2 AUX-headed Constructions
- Auxiliary Verb Constructions
Gregory D. S. Anderson
- Oxford University Press
This chapter presents what is dubbed the ‘AUX-headed’ pattern of inflection. This is the one that is statistically the most common and characteristic of the better-known languages of the world (as well as a large number of lesser-known languages). In the AUX-headed pattern, the auxiliary verb is the inflectional head of the construction, indexing all obligatory verbal inflectional categories, with the corresponding lexical verb appearing in a dependent, nominalized, infinitive, or unmarked form. Such non-finite forms are given a range of designations, depending in part on such factors as other functions of the sam element within the grammatical system of the language concerned, the form and function of other elements with which it may contrast, or the metalanguage of analysis appropriate to various grammatical traditions. Terms such as infinitive, nominalizer, gerund, participle, etc., are common and often motivated language-specifically. The boundaries between various types of category of ‘non-finite’ forms of lexical verbs in AVCs may or may not be rigidly definable structurally in language specific terms, and are decidedly not so when viewed on a macro-comparative scale. Further, some languages allow variation between different forms of the lexical verb with the same auxiliary in the same function, while others show paradigms or semi-paradigms with more than one form obligatory in different forms (sometimes in a suppletively construed paradigm).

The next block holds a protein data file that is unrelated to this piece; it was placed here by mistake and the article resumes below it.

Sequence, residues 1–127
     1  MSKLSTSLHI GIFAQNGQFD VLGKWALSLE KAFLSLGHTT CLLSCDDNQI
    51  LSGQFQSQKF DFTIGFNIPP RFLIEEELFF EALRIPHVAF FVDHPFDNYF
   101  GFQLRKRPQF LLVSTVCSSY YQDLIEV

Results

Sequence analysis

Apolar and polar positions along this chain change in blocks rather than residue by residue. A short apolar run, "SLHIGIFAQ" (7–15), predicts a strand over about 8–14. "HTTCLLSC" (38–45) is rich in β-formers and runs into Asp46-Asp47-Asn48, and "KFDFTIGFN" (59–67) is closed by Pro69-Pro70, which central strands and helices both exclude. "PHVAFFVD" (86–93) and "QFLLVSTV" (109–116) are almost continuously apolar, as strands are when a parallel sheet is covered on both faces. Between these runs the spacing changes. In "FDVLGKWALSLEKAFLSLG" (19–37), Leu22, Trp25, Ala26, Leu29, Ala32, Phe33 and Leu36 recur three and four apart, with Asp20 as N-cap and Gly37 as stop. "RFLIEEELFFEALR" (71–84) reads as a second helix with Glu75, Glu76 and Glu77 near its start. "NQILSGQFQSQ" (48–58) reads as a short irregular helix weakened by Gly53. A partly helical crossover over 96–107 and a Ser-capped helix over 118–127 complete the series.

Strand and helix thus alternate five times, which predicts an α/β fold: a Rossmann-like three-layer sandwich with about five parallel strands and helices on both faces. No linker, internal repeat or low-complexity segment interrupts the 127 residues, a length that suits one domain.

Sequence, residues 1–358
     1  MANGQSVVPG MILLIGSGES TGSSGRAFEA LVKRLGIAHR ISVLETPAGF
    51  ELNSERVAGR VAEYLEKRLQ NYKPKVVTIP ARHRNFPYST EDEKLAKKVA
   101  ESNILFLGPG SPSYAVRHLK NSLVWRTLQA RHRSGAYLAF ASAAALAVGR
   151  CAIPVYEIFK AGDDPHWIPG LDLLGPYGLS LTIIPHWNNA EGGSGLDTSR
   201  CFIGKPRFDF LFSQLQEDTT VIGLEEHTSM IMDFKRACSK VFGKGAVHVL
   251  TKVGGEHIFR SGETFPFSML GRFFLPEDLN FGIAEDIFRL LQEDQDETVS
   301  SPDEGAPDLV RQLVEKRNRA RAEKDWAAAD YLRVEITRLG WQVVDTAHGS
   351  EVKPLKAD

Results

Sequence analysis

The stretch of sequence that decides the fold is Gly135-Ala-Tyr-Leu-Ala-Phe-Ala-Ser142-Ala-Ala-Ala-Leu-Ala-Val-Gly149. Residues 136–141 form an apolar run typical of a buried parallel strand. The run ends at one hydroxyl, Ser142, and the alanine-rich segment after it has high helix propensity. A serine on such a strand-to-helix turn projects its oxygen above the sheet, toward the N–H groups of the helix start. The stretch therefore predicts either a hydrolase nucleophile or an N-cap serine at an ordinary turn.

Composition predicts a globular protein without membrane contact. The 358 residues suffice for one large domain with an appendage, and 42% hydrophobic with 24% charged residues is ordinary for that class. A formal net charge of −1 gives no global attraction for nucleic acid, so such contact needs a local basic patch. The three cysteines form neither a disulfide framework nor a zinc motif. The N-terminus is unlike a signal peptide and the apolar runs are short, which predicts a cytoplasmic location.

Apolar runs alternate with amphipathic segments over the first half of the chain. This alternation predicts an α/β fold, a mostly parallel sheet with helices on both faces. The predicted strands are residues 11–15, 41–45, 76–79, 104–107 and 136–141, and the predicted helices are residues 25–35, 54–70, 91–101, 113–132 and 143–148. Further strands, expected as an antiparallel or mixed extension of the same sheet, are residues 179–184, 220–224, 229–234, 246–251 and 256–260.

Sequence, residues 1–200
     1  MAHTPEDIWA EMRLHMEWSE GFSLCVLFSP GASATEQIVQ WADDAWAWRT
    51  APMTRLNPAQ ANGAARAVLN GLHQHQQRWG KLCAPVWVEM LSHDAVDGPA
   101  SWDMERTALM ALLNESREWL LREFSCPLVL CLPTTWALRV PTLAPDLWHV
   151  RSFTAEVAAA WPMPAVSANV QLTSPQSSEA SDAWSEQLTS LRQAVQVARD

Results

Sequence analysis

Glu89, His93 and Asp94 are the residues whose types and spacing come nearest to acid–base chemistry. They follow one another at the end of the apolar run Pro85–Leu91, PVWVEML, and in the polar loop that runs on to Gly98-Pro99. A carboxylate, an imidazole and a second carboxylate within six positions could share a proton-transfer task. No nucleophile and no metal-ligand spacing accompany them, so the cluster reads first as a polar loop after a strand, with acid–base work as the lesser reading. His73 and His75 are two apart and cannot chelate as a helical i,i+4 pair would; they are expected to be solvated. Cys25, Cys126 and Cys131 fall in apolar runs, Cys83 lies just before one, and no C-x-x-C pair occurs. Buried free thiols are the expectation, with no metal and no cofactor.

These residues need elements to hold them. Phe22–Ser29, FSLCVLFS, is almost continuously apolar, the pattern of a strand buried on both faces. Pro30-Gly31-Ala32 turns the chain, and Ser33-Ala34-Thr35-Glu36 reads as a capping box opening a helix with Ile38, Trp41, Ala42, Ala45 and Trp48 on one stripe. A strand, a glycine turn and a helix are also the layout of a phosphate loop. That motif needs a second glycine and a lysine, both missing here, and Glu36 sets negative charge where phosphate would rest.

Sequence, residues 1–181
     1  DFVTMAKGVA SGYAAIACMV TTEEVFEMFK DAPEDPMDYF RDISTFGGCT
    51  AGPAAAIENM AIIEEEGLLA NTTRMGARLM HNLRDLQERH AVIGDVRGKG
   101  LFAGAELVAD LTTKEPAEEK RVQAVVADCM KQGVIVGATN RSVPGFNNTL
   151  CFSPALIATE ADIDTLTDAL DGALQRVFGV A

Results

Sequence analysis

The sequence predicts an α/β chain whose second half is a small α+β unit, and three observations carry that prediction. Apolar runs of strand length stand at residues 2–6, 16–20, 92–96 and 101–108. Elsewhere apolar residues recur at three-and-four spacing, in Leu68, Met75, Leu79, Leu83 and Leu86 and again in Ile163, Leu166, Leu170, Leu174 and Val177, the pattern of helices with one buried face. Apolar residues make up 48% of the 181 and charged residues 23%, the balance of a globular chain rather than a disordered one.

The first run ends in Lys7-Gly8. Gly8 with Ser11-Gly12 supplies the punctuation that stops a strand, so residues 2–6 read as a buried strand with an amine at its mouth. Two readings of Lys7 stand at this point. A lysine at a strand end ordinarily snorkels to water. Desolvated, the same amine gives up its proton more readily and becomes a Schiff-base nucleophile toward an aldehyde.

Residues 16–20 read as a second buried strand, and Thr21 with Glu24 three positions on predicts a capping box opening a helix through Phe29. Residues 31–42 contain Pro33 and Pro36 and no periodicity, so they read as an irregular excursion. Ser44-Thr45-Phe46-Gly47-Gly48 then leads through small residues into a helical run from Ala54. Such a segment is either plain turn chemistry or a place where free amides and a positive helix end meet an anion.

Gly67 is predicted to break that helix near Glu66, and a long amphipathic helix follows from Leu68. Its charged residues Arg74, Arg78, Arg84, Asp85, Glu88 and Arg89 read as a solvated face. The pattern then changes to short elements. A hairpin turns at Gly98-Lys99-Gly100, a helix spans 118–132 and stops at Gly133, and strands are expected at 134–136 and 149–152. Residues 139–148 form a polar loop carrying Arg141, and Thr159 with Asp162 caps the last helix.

inflection, infinitive, nominalizer, gerund, participle, metalanguage, lexical verbs
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